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Notes for Prospective Students
Four Myths about Classical Education
Myth #1: Classical education was fine back then, but we need modern
education in a modern world.
Fact: Classical education teaches
students facts, provides them with logical tools to use those
facts, and perfects the student’s ability to relate those
facts to others.
This fundamental skill-set is more valuable today
than it has ever been.
The process of teaching students to think
extends far beyond filling their heads with knowledge.
education, to varying degrees, has succeeded in teaching facts
necessary for state test performance and some skills.
education helps students draw original, creative, and accurate
conclusions from facts and then formulate those conclusions into
logical and persuasive arguments.
Parents who are exposed to
classical education recognize that its "back to the basics"
approach contrasts with the distractions of modern education.
the classical method applicable in a modern, technological age? The
technology we have today was invented, in large part, by the
Man inhabited the earth for thousands of
years without developing technology until the last two centuries.
It is no coincidence that the groundwork for these achievements was
laid within the last 400 years when classical education was at its
Classical education teaches children the timeless skills of
thinking, reasoning, logic, and expression.
Our subject matter is
as up-to-date as that found in other schools.
We simply add a depth
and dimension through this time-tested method.
Myth #2: My child is not intelligent enough to attend a classical
Fact: Many parents assume that a classical education is
only accessible to "gifted" children.
In fact, all children benefit
greatly from the classical method.
If you were educated in Western
society prior to 1850, you were classically educated.
start from a spark of reality.
Parents may observe the classroom
and curriculum of a classical school and assume the children are
In reality, classical education challenges
children and is uniquely able to leverage their natural abilities
during different stages of childhood.
In short, we help ordinary
children and deliver extraordinary results by employing proven
methods tested for centuries.
Myth #3: Classical education is too extreme.
education teaches children "with the grain" - complementing their
developmental phase with the appropriate teaching method.
classical method is different from today’s conventional
Parents are rightfully skeptical of anything that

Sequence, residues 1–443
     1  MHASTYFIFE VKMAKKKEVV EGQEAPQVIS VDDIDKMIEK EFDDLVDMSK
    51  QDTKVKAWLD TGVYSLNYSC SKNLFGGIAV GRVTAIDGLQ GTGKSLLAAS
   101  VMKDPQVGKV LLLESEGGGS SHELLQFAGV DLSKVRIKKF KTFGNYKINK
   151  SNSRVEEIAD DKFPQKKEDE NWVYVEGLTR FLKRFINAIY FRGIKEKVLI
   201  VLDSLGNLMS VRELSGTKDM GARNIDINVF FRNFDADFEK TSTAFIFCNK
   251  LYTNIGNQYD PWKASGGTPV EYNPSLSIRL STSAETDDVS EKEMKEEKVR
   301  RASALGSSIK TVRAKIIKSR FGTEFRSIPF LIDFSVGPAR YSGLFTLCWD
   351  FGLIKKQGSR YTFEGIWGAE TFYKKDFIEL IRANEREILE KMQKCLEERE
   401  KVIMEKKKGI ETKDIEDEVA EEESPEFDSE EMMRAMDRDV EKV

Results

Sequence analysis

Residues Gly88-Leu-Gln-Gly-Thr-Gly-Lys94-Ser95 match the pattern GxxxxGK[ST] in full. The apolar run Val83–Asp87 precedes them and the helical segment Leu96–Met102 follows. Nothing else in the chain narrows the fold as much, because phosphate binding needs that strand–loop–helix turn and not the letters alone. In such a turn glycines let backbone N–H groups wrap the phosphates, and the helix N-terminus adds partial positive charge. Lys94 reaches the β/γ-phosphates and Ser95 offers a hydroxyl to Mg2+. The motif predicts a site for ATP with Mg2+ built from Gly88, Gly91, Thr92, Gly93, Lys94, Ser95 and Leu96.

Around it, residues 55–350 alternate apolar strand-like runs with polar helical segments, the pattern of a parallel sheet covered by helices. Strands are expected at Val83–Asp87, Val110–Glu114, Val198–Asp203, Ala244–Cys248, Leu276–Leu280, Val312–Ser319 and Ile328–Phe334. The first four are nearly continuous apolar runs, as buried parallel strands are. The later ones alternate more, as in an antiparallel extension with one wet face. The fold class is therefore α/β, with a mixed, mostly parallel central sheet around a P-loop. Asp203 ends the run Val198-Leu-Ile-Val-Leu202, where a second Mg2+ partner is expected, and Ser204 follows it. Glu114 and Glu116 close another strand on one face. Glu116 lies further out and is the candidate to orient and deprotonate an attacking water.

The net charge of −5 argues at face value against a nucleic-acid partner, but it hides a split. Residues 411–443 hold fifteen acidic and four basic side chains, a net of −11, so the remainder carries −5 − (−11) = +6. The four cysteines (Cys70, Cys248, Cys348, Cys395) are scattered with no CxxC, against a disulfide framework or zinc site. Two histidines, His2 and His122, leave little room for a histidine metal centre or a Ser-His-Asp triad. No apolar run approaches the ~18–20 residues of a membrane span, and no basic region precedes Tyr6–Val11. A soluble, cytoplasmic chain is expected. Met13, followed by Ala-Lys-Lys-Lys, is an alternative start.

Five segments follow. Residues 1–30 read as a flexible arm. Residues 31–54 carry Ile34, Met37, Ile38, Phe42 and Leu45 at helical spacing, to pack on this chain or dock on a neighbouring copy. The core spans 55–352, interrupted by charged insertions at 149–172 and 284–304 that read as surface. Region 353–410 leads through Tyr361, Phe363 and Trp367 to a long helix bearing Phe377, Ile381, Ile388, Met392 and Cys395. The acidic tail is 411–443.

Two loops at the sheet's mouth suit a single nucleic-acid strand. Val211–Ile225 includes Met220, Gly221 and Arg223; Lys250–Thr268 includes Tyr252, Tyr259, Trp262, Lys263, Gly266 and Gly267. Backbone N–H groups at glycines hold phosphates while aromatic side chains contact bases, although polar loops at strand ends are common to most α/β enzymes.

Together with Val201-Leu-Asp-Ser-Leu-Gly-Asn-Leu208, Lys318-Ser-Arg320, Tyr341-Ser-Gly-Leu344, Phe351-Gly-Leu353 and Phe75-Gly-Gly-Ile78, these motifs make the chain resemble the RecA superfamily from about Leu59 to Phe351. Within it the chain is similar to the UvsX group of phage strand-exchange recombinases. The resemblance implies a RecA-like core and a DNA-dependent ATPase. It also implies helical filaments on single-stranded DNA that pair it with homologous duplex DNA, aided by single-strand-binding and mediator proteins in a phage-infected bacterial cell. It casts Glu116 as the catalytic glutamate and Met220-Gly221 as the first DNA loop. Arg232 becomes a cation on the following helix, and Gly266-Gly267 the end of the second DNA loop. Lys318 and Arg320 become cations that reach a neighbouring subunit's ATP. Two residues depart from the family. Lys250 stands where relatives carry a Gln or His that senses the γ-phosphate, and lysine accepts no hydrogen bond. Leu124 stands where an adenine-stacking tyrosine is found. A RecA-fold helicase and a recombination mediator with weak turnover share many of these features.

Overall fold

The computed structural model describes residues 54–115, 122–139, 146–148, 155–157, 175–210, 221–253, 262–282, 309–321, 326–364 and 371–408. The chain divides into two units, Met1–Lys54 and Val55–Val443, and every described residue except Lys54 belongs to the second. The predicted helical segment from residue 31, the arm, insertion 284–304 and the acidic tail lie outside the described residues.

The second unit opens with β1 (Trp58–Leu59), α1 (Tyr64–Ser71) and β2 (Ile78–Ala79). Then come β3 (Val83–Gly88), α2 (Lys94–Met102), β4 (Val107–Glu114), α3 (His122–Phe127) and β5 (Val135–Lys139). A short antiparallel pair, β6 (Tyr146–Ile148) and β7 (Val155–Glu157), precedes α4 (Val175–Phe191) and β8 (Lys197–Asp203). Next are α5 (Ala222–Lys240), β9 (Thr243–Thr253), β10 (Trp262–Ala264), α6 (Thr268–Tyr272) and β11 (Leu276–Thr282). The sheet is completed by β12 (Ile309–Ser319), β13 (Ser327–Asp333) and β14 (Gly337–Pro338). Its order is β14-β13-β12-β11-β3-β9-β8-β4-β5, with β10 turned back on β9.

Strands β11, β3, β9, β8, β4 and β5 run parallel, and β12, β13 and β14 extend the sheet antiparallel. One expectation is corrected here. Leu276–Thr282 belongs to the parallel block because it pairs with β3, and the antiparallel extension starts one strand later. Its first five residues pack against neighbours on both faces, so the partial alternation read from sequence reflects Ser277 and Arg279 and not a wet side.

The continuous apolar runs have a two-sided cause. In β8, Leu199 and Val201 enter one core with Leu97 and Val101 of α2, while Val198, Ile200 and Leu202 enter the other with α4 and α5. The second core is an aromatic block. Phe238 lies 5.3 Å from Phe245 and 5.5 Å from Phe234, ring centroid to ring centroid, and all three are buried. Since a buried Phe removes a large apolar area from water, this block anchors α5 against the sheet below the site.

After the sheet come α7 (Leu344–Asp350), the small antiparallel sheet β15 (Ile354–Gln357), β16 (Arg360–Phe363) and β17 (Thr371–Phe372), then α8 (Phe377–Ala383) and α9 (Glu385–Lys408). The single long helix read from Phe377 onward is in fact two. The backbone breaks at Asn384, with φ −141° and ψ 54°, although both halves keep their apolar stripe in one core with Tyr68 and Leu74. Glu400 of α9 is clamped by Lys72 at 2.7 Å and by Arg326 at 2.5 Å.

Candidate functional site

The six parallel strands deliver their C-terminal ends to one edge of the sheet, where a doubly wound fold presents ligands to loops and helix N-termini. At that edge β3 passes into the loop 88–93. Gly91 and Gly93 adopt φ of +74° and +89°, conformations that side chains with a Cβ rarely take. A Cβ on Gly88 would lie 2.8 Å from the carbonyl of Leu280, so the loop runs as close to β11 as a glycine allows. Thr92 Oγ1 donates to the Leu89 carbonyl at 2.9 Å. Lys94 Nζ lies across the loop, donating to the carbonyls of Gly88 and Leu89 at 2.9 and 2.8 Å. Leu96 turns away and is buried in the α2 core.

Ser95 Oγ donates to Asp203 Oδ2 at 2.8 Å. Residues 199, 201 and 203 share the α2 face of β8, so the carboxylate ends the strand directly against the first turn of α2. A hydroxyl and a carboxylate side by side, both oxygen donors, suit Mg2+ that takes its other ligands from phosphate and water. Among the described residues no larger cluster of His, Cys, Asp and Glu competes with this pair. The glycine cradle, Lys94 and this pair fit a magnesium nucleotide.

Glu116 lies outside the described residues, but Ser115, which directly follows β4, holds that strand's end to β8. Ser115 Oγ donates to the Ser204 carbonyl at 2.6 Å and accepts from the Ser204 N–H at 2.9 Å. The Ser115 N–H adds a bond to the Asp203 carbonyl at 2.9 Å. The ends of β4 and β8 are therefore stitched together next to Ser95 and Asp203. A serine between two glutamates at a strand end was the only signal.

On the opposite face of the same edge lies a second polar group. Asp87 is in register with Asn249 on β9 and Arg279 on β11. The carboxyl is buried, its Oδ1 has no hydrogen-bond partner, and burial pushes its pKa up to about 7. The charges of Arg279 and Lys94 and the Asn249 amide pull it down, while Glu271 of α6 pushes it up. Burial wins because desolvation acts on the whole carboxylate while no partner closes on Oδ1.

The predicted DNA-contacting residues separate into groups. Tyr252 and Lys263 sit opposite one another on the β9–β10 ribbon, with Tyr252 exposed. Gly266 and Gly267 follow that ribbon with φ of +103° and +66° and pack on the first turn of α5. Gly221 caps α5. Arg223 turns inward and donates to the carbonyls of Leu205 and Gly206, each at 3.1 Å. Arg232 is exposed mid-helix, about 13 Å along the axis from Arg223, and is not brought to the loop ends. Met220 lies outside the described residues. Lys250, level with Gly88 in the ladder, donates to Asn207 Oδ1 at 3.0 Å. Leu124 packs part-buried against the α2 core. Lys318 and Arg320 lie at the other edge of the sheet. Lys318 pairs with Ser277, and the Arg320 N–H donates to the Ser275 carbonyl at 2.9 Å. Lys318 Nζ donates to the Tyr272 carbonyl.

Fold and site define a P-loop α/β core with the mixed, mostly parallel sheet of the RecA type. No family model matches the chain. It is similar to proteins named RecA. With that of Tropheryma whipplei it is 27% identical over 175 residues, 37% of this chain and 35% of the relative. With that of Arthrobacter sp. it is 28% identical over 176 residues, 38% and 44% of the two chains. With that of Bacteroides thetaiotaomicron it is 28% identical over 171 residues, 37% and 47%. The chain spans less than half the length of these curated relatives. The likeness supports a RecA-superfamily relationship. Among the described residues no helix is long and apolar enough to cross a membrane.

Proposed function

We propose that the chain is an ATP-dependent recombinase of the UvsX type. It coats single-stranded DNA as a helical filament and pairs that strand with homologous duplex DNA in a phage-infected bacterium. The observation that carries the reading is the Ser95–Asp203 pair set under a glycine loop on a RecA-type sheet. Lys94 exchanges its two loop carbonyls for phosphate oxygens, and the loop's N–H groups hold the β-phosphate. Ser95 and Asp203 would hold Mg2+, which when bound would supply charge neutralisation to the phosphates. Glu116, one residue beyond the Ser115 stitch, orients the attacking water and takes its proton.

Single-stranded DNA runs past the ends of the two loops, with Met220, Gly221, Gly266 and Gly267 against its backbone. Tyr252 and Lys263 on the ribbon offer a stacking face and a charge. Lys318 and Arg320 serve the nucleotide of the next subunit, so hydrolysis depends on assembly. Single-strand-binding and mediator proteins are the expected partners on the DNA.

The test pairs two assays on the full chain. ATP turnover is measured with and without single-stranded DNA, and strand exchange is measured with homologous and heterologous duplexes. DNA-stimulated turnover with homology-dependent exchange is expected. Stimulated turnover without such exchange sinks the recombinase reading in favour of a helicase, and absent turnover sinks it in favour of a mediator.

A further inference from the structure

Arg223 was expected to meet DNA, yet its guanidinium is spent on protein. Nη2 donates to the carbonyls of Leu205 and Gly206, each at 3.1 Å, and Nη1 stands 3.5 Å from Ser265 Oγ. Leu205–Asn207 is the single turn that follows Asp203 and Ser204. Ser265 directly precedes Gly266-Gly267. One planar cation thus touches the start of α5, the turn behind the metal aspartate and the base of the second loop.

differs so boldly from the norm.
However, classical education was
the norm 100 years ago because it worked.
has taken an experimental approach to educating our children over
the past four decades.
Many different methods have been tried and
later scrapped when they failed.
This constant state of change in
education creates an environment where anything "traditional" seems
Unfortunately, this is where modern educational thought is
Classical education provides a basic structure upon
which we can build effective, successful students.
We are not
advocating an experiment.
Rather, we are seeking a return to a
system proven for over 1,000 years.
Myth #4: Classical education is unnecessarily difficult or harsh.
Fact: Children enjoy learning.
a child will not be able to succeed in a challenging environment is
tempting, but simply untrue.
A common assumption is that a
demanding curriculum results in unhappy children.
learning new things can be uncomfortable.
However, most children
are fascinated by what they learn.
The excitement of children
learning Latin grows as they become able to describe the world in a
language that most adults do not understand.
The rich and complex
texture of classical literature is strangely amplified by youth.
Science and the history of Western Civilization come alive for
those who hunger to know about their world.
maintain order in the classroom.
This does not translate to stoic
classes where interaction is limited to an occasional, downcast
"yes sir." In fact, we encourage extensive interaction between
students and teachers.
Students are not allowed to be disruptive,
but they are constantly encouraged to offer observations, ask
questions, interact, and make comments.
The classical method
encourages and succeeds at creating a stimulating and enjoyable
learning environment for students.